ByOliver Culling, writer at
An English lad who loves video games too much, and will use any excuse to talk about them. More here:
Oliver Culling

There appears to have been a fusion accident. Bot the Fire Emblem and Shin Megami Tensei series are two very different kettles of fish. The former is a turn-based tactics series that emphasizes positioning and exploiting a rock-paper-scissors-style strength and weakness system, whose story tends to favor optimistic themes of comradeship and overcoming evil. The latter may also be turn based, but its gameplay focuses on a more traditional system that has a huge amount of customization and insanely in-depth and challenging battles.

Likewise, the stories in the games tend to be about the constant struggle humanity has to face between order and chaos, made all the more worse by the fact the world is usually on the brink of ending (if it isn’t already dead or dying).

Both series are great fun in their own kind of ways — but what if you combined the two? What would happen if you took the tactical action and grand adventure of and joined it with the challenge and grit of ’s grim world? It sounds like an idea that two slightly drunk friends might come up with, right after debating if Master Chief could win in a fight against the Doom Marine. However, against all odds, an official, full-on crossover game was announced — and holy hell. Can we talk about this announcement trailer for Tokyo Mirage Sessions ♯FE?

While it's incredibly simple and only serves to announce the game is being made, it captures the feeling of each game and decently joins the two concepts together. Shin Megami Tensei has foreboding music for each of its characters that appears on screen, flickering into existence through a haze of static, as if the video is barely able to render them. The chilling drums of this segment flow almost seamlessly into the Fire Emblem portion of video, the uplifting score of which is all the more pronounced thanks to what preceded it. The Fire Emblem characters soon dwarf the effect of fire on the screen.

The two styles differ yet complement one another. Shin Megami Tensei’s gritty and serious aspect is on full display when placed next to the more fantastical Fire Emblem, whose triumphant grandiosity is only enhanced when placed next to the sombre SMT. But it’s the final few seconds of the trailer that really catch the eye. We’re given a view of a city bathed in a blood-red light over an eerie body of water. The moon looms large over the city, the light reflected coming off as harsh and glaring. Something resembling embers seem to be flying from the city, directly up to the moon, before the camera shorts out and everything is replaced with blackness.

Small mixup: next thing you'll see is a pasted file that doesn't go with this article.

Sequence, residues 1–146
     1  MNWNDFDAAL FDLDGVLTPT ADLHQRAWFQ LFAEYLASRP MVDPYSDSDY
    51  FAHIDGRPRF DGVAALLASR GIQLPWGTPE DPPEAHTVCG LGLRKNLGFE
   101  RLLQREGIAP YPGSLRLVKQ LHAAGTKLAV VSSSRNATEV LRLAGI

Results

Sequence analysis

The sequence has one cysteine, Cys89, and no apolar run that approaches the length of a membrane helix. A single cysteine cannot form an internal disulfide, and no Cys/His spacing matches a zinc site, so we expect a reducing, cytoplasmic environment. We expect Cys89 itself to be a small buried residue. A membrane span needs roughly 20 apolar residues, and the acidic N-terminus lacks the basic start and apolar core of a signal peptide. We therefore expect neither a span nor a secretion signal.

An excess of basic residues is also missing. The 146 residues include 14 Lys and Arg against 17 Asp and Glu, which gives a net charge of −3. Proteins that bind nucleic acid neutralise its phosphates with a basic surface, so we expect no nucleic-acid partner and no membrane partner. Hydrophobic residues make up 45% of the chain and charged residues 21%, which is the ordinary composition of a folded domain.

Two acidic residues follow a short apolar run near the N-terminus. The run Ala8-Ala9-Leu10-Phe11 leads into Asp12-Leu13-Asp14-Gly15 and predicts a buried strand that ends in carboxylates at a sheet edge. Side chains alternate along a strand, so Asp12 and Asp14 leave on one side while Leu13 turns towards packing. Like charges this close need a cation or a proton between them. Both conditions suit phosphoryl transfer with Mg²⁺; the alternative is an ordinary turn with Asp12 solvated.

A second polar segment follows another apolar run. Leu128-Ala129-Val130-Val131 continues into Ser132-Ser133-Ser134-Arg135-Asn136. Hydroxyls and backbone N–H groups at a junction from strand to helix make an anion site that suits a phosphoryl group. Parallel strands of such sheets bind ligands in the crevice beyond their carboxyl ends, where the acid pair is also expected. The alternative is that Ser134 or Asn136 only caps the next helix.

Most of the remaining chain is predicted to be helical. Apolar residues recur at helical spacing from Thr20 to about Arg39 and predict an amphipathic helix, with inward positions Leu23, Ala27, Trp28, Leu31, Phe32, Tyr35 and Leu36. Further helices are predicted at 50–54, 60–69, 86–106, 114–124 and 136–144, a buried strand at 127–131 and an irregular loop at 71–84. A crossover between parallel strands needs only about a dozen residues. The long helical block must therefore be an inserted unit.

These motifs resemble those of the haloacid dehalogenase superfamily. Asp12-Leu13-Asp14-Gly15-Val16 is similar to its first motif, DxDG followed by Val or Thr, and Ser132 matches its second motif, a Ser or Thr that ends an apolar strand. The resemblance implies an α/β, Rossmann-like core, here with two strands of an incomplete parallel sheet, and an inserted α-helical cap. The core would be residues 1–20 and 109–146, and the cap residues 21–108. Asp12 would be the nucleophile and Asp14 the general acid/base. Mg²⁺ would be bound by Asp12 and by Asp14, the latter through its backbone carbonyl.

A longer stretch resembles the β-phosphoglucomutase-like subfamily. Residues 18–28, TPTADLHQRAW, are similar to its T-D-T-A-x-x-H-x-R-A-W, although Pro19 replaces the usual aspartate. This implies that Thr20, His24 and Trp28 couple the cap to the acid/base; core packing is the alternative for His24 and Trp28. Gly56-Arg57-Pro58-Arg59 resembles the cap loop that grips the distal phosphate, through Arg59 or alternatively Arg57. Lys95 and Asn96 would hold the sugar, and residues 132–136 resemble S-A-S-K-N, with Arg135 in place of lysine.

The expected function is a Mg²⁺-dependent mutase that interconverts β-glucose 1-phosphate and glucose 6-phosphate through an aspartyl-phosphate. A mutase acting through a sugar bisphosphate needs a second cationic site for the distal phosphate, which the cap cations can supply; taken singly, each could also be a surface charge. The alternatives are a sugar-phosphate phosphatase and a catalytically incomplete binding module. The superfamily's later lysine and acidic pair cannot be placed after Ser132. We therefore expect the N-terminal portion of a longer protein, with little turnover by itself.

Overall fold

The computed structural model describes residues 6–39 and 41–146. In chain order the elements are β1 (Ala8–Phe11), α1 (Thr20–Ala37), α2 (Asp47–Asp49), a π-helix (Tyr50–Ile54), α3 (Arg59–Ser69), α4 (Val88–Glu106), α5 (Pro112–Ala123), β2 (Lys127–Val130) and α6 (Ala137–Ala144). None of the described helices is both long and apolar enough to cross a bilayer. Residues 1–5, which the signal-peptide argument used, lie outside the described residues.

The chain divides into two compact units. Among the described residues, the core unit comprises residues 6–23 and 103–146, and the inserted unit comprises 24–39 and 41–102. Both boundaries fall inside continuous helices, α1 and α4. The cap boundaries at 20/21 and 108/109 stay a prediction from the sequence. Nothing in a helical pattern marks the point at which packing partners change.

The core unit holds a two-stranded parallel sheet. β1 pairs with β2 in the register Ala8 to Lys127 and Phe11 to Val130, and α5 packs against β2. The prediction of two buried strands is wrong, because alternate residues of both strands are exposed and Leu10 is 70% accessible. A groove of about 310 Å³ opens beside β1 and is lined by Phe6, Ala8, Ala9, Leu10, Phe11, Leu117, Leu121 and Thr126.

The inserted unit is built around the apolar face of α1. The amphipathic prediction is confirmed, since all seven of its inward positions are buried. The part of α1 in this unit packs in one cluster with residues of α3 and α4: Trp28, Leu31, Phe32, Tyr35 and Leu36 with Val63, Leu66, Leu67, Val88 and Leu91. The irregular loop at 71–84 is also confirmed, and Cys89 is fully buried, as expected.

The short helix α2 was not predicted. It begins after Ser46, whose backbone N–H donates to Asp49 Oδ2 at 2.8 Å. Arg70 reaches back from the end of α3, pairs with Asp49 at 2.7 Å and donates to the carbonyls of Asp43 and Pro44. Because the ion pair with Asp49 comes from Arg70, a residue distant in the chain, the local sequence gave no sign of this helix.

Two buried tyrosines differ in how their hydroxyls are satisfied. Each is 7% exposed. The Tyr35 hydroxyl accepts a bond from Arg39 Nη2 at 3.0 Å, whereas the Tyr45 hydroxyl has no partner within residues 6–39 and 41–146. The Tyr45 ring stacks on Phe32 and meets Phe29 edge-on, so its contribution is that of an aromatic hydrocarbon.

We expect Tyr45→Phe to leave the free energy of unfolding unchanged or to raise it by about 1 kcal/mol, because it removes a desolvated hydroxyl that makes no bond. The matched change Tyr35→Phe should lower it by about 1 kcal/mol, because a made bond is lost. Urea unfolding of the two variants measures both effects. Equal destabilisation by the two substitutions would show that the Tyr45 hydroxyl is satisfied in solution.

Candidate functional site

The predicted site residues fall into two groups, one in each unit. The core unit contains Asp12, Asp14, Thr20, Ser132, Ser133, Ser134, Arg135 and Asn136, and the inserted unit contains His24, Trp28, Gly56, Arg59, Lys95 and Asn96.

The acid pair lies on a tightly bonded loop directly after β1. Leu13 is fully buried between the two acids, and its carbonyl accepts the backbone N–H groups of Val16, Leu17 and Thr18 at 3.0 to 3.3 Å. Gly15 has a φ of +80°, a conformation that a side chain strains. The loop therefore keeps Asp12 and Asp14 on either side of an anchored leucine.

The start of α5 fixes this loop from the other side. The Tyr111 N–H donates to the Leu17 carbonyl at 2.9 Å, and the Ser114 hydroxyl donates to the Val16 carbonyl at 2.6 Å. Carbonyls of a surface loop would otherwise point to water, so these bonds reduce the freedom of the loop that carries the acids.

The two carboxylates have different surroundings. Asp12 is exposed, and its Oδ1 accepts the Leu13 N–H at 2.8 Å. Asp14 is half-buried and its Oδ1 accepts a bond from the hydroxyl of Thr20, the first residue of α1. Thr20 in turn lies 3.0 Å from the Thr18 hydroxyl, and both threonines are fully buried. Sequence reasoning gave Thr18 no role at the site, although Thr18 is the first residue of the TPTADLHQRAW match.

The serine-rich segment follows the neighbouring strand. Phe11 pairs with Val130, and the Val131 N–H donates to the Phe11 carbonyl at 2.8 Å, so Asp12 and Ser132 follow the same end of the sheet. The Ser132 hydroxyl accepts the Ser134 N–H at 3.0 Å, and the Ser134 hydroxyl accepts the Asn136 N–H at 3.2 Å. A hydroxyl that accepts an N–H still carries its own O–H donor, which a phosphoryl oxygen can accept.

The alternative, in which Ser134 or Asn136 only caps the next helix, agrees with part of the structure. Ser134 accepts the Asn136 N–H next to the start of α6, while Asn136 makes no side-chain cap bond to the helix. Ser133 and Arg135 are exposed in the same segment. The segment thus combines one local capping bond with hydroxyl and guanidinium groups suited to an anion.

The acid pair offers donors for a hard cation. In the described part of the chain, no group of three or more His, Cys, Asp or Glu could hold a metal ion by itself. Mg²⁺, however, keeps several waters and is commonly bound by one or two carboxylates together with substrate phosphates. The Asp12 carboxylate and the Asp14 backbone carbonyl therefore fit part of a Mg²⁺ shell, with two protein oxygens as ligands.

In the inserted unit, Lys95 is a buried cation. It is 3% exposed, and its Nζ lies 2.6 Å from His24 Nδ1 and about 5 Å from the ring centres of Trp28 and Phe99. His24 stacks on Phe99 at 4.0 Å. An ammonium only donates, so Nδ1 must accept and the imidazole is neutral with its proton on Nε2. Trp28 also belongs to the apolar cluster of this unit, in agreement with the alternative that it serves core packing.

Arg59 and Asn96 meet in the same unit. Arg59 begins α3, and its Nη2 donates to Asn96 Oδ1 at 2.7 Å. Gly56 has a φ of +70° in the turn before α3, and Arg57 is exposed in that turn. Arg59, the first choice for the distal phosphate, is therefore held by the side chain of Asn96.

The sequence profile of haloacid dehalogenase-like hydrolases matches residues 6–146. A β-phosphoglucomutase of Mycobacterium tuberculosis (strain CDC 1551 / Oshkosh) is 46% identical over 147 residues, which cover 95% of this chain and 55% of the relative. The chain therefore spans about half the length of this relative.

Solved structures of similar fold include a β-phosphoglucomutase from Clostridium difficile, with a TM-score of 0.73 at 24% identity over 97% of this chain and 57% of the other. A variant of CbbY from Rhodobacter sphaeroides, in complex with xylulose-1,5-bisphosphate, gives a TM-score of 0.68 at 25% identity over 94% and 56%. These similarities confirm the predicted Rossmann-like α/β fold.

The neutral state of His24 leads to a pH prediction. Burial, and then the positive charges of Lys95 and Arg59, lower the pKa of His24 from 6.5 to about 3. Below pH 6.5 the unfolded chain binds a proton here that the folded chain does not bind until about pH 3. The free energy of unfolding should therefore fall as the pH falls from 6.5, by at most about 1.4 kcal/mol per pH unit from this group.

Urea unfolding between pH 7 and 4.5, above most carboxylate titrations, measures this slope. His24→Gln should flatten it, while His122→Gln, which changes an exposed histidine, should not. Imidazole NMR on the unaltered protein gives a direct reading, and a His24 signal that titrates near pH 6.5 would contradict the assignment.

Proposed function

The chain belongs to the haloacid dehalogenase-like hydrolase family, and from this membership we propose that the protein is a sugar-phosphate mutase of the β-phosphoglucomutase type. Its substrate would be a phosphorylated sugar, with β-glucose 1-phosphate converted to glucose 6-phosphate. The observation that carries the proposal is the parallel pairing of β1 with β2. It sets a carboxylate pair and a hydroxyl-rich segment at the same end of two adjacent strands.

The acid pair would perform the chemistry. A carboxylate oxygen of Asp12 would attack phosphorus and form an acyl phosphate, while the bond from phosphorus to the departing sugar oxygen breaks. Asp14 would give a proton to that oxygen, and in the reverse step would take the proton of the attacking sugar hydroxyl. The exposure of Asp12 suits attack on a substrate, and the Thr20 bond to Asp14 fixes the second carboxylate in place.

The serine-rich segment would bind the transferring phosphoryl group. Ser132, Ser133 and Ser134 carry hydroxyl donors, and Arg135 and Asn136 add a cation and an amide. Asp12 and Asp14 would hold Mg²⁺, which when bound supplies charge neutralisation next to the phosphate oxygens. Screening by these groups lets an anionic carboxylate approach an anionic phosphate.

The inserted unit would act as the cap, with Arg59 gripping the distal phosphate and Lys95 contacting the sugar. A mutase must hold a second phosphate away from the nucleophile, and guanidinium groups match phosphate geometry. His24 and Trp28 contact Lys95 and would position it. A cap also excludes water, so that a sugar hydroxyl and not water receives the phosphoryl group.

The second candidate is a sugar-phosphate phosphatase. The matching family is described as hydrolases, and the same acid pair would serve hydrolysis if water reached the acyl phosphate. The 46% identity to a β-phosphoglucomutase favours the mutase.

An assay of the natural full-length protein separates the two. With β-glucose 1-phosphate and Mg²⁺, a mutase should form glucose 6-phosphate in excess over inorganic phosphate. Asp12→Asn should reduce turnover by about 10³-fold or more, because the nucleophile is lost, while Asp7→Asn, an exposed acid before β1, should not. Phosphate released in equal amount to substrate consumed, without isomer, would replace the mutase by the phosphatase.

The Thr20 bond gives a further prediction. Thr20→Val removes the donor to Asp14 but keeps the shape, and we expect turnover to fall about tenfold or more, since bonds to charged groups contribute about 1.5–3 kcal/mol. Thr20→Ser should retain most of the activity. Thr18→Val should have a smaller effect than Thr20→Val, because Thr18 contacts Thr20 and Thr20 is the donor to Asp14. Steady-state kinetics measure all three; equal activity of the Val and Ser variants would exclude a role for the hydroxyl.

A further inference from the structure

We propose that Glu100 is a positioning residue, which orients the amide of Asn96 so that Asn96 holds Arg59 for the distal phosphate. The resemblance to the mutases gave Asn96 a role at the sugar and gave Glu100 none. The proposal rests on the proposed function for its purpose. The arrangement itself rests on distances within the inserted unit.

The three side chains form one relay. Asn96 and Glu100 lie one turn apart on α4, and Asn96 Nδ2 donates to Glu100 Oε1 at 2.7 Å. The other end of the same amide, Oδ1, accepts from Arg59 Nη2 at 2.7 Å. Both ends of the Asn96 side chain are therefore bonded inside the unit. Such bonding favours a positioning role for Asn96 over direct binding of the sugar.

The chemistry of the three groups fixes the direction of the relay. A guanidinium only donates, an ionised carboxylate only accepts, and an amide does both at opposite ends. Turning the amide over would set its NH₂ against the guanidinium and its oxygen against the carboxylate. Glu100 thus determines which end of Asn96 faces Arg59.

Bait And Switch

So we have a trailer that doesn’t give away much, yet its last few moments leave a lasting impression. Considering SMT’s signature mature tone, and the fact that Fire Emblem isn’t exactly free from the occasional tragedy, popular speculation places the tone as somewhat more serious and dark; closer to SMT’s vibe, or at least darker than is usual for Fire Emblem. And honestly, who could blame the developers for taking that dramatic route?

Even at its lightest, Fire Emblem stories always take place during a war, where all the magic and pegasus (pegasai? Pegal? Whatever) in the world can’t distract from the fact that people are dying left and right. This speculation was furthered by the fact the publishers were tight-lipped about the project. The above trailer was the first and last piece of news anybody would see about the game for years — until just a few months before it came out.

The trailer that was unveiled a few months ahead of release awakened the sleeping giant that was the combined might of the SMT and Fire Emblem fandom. After two years of near radio silence, we were eager to see what the heck this crossover looked like. We were more than a little surprised that this is what we got:

So from a series known for its fantasy setting and varied character designs to a series known for its mature and serious edge, we were gifted:

  • High school students
  • Japanese idol-style singing
  • And most confusing of all, a design style that is more in line with Persona, a subseries of the SMT franchise.

To say there was confusion and outrage would have been an understatement.

In classic fashion, we like to strike while the iron is completely frozen over, by talking about a game that came out in international territories over a year ago, and more than two years ago in Japan. Still, we like to think all this time has allowed us to disconnect from the sheer emotional reaction to the game, and will hopefully allow us to get some objective perspective on the game.

Tokyo Mirage Sessions ♯FE (try saying that five times over) would be the game’s name, and it would go on to suffer a lackluster release both in Japan and the West, perhaps as a result of this whiplash of expectations. To its credit, Tokyo Mirage's lifetime sales were not abysmal, but considering this was the marriage of two pretty big franchises, it was a letdown.

Who Was It For?

I'm not going to throw shade at the game. But I am fascinated by its design in the context of it being a crossover game.

No matter what I say, there's no denying it's a stylish-looking game. [credit: Atlus]
No matter what I say, there's no denying it's a stylish-looking game. [credit: Atlus]

First thing's first, why the singing? That struck me as the most unexpected element of the game. There are singers in the Fire Emblem series, and they make for OK units, but idols don’t gel with the themes of either franchise. Heck, — the game’s developer and the creators of the SMT and Persona games — had been critical of the Japanese idol scene in one of its previous games, Persona 4.